What were other teams offering to J.J. Watt?


The Cardinals reportedly have signed defensive lineman J.J. Watt to a two-year, $31 million deal with $23 million guaranteed. “Reportedly” is the key word because, frankly, there have been too many instances over the years where reporters rush to Twitter with whatever an agent tells them without scrutinizing or expressing skepticism about the information. (And, yes, I’ve been guilty of it, too.)

It’s entirely possible that theofficial numbers, which typically emerge long after the news cycle has cycled to other things, will support the initial reports regarding Watt’s deal. At a minimum, however, it’s safe to wonder whether the $23 million guaranteed is fully guaranteed, since the word “fully” wasn’t used in the initial reporting.

It’s also fair to question whether the base deal is $31 million or whether Watt needs to hit certain incentives to get there, or whether some of that money comes in the form of per-game roster bonuses, which will be paid only if he’s healthy enough to play.

Then there’s this question: What were other teams offering Watt? On the surface, it appears that Watt decided to chase the bag instead of chasing a ring, which is actually smart. Too many factors influence whether a team can and will win a Super Bowl. A paycheck, whatever the amount of it, never lies.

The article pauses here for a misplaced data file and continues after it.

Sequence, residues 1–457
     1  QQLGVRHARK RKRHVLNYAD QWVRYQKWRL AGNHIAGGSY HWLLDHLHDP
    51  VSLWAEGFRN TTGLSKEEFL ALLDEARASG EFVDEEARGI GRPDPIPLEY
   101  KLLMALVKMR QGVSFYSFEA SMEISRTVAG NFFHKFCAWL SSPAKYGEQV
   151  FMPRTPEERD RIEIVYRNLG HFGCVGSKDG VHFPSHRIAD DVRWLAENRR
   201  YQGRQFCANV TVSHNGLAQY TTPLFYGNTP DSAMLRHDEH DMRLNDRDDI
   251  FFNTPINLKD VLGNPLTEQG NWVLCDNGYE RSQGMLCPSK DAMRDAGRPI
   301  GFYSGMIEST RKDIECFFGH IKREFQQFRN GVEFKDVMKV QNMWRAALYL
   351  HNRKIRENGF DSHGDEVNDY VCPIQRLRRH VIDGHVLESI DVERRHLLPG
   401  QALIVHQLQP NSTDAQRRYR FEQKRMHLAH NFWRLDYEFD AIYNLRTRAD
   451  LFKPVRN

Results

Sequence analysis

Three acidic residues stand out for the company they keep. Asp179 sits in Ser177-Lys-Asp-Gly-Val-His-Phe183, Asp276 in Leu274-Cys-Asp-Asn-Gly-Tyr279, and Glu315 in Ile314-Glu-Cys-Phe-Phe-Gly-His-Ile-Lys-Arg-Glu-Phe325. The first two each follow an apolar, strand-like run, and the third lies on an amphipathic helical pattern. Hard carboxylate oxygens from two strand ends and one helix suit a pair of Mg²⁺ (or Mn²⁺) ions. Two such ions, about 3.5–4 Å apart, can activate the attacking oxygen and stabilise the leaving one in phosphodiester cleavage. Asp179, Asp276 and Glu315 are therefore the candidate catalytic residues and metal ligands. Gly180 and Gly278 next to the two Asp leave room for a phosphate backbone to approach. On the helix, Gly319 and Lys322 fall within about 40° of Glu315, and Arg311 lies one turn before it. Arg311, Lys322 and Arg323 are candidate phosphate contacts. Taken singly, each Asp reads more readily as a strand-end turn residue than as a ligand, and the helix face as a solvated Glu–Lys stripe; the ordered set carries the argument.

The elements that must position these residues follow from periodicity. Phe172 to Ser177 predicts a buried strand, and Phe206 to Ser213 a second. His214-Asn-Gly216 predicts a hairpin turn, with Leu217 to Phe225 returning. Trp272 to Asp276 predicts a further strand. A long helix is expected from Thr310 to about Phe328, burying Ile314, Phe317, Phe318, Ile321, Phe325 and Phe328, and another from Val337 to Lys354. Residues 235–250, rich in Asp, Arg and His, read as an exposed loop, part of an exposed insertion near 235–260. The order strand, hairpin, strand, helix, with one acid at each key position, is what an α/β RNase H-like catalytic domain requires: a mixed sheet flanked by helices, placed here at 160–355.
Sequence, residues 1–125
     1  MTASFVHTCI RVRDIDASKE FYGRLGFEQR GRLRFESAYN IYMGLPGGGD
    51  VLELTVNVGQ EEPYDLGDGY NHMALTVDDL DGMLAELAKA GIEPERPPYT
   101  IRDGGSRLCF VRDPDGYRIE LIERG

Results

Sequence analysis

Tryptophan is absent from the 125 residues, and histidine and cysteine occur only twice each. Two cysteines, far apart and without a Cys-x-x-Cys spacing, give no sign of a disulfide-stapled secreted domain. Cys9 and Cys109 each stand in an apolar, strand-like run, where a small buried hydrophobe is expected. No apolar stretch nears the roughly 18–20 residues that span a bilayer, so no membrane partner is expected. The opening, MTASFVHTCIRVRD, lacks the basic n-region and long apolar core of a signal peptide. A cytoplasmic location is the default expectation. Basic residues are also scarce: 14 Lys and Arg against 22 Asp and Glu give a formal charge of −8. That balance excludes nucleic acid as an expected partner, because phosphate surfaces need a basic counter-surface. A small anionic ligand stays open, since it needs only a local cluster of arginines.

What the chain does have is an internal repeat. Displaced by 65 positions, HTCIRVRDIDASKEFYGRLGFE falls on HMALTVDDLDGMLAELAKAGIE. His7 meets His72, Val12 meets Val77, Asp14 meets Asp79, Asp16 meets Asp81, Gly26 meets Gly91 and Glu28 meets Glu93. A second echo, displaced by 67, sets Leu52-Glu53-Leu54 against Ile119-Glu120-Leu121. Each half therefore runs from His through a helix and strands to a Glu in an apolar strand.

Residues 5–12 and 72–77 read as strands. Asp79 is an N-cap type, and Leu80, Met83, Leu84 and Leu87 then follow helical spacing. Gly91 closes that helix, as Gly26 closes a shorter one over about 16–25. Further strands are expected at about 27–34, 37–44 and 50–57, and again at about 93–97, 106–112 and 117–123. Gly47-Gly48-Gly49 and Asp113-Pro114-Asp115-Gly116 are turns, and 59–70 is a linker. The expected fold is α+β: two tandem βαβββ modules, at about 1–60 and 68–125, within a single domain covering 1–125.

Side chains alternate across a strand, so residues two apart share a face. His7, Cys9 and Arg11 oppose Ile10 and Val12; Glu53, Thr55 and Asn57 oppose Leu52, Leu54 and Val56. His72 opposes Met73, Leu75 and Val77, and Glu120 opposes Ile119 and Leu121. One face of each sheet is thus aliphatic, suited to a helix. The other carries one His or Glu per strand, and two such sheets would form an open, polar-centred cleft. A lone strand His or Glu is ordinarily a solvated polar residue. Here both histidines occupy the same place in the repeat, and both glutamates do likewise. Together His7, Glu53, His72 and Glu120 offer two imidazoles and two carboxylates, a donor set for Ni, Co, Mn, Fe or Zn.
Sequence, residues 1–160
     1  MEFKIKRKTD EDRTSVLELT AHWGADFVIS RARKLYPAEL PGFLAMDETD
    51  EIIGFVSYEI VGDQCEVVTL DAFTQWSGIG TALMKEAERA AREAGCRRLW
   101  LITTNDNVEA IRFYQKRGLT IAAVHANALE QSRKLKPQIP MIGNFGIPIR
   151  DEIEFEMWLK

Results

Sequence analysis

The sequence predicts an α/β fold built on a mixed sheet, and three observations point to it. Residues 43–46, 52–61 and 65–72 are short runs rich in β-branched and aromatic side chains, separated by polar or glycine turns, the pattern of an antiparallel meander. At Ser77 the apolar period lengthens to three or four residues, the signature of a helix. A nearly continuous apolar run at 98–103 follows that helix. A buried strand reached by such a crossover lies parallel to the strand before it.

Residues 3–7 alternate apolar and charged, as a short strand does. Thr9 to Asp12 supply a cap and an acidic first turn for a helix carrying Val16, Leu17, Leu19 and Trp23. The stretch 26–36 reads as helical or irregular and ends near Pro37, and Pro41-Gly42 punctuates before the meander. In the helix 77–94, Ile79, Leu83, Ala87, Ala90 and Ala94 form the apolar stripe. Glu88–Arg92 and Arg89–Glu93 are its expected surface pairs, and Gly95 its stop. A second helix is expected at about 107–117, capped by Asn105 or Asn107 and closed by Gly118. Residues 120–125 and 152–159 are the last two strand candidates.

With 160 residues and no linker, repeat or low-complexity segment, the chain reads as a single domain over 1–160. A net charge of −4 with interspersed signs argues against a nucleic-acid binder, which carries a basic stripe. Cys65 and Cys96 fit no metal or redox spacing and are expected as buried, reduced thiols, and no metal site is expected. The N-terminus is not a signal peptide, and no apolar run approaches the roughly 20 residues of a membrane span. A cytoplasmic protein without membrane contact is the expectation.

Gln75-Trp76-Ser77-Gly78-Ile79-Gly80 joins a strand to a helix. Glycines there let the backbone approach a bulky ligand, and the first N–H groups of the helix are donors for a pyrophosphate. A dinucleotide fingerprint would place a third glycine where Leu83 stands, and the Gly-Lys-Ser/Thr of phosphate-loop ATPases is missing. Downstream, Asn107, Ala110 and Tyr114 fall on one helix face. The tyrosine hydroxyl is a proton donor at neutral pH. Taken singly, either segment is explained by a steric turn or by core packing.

Indeed, Watt surely didn’t pick the Cardinals because he sees a clear path to SoFi Stadium next February. The Cardinals finished third in the division last year; they could be destined to finish third (or possibly fourth) in the toughest division in football next year. And then they’d have to deal with teams like the Buccaneers, Saints, and Packers to get to the Super Bowl.

One report originating from an Arizona radio station on Monday suggested that the Browns and Colts offered more money to Watt, and that the Titans’ offer was “very similar.” Charles Robinson of Yahoo Sports has since tweeted that, based on his information, Watt’s other suitors were in the range of $23 million over two years, not $31 million. “Teams were trying to get Watt for roughly $12 mil per year,” Robinson says.

That makes sense. And it would also make sense for the Cardinals to try to characterize their deal as not the outlier, especially to the tune of $7 million or $8 million.

Here’s what makes the most sense: Let’s see what the contract actually says, and let’s not get so caught up in the ever-spinning carousel of news that we accept reports as fact without the benefit of, you know, fact.